Sex-related differences in risk factors, outcome, and quality of life in patients with permanent atrial fibrillation: results from the RACE II study

RACE II Investigators, Mariëlle Kloosterman, Harry J G M Crijns, Bart A Mulder, Hessel F Groenveld, Dirk J Van Veldhuisen, Michiel Rienstra, Isabelle C Van Gelder*

*Corresponding author for this work

Research output: Contribution to journalArticleAcademicpeer-review

21 Citations (Scopus)
100 Downloads (Pure)

Abstract

AIMS: Atrial fibrillation (AF) risk factors translate into disease progression. Whether this affects women and men differently is unclear. We aimed to investigate sex differences in risk factors, outcome, and quality of life (QoL) in permanent AF patients.

METHODS AND RESULTS: The Rate Control Efficacy in Permanent Atrial Fibrillation (RACE II) randomized 614 patients, 211 women and 403 men, to lenient or strict rate control. In this post hoc analysis risk factors, cardiovascular events during 3-year follow-up (cardiovascular death, heart failure hospitalization, stroke, systemic embolism, bleeding, and life-threatening arrhythmic events), outcome parameters, and QoL were compared between the sexes. Women were older (71 ± 7 vs. 66 ± 8 years, P < 0.001), had more hypertension (70 vs. 57%, P = 0.002), and heart failure with preserved ejection fraction (36 vs. 17%, P < 0.001), but less coronary artery disease (13 vs. 21%, P = 0.02). Women had more risk factors (3.7 ± 1.2 vs. 2.9 ± 1.4, P < 0.001) Cardiovascular events occurred in 46 (22%) women and 59 (15%) men (P = 0.03). Women had a 1.52 times [95% confidence interval (CI) 1.03-2.24] higher yearly cardiovascular event-rate [8.2% (6.0-10.9) vs. 5.4% (4.1-6.9), P = 0.03], but this was no longer significant after adjusting for the number of underlying risk factors. Women had reduced QoL, irrespective of age and heart rate but negatively influenced by their risk factors.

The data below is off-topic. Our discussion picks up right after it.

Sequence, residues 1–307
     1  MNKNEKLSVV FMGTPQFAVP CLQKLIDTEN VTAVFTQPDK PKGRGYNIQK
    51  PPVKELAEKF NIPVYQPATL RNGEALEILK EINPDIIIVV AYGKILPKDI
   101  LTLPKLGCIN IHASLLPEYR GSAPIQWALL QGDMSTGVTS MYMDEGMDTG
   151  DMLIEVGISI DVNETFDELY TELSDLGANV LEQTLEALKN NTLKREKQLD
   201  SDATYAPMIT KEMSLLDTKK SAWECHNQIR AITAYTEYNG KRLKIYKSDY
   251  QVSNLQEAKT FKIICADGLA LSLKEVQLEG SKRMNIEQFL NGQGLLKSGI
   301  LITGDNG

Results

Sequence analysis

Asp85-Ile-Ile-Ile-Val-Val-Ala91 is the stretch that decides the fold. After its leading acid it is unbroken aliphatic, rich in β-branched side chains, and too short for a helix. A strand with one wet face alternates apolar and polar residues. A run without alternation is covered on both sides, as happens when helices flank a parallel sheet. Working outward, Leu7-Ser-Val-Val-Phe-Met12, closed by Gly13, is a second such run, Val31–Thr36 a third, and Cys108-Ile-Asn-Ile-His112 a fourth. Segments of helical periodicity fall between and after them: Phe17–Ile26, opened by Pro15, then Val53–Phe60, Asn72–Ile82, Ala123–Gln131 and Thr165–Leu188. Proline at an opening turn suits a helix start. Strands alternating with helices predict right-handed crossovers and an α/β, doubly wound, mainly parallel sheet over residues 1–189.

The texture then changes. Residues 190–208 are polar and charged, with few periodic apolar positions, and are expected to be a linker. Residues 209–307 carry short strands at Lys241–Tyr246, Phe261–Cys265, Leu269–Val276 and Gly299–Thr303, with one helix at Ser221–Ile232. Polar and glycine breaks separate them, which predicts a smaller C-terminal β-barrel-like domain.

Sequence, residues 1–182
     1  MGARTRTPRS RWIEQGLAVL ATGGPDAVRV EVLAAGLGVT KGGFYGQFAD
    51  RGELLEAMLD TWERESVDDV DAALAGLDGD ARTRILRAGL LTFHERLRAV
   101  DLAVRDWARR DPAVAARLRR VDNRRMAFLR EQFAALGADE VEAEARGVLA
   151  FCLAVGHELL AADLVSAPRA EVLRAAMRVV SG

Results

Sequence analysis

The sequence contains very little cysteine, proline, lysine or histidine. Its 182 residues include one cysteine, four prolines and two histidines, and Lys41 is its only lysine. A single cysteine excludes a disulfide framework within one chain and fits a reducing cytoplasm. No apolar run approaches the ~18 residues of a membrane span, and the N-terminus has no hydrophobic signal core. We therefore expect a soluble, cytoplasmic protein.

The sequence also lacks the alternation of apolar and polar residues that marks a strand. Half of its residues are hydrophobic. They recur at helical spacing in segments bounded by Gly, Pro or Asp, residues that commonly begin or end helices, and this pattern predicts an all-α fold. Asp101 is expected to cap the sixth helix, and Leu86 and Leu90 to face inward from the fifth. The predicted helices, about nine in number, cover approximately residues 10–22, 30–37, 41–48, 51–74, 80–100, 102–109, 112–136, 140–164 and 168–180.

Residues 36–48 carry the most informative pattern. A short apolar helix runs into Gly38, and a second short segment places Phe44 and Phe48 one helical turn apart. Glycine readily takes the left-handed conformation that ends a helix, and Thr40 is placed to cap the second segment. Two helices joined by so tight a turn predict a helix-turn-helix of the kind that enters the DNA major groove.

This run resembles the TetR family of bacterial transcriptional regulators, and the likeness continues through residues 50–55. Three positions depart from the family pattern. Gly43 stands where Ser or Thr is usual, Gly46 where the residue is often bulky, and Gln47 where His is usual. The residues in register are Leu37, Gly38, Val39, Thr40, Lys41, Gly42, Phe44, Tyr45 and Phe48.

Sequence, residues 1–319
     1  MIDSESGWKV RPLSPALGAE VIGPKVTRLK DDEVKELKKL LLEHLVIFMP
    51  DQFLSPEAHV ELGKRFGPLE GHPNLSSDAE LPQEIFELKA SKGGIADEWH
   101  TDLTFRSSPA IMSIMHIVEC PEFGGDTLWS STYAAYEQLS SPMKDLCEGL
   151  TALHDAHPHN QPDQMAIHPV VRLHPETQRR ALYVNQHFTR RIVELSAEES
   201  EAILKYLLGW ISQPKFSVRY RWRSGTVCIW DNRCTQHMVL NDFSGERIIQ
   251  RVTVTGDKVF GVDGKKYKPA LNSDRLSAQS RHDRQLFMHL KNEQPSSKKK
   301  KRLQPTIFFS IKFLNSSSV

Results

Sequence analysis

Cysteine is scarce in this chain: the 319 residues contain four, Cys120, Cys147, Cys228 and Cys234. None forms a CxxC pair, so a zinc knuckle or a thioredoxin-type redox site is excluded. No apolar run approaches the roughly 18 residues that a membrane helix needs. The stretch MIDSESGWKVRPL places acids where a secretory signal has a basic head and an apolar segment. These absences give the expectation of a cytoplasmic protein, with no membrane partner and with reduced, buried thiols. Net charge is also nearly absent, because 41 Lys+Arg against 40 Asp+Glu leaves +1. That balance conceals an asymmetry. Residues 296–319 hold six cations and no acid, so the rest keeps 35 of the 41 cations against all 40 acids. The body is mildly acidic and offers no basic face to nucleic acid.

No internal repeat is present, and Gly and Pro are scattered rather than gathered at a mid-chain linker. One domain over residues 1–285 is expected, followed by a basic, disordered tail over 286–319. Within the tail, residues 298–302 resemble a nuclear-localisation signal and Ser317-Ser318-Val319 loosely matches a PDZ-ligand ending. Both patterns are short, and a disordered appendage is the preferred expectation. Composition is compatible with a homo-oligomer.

CONCLUSION: In this permanent AF population, women had more accumulation of AF risk factors than men. The observed higher cardiovascular event rate in women was no longer significant after adjusting for the number of risk factors. Further, QoL was negatively influenced by the higher number of risk factors in women. This suggests that sex differences may be driven by the greater risk factor burden in women.

Original languageEnglish
Pages (from-to)1619-1627
Number of pages9
JournalEuropace
Volume22
Issue number11
Early online date20-Nov-2019
DOIs
Publication statusPublished - 1-Nov-2020

Cite this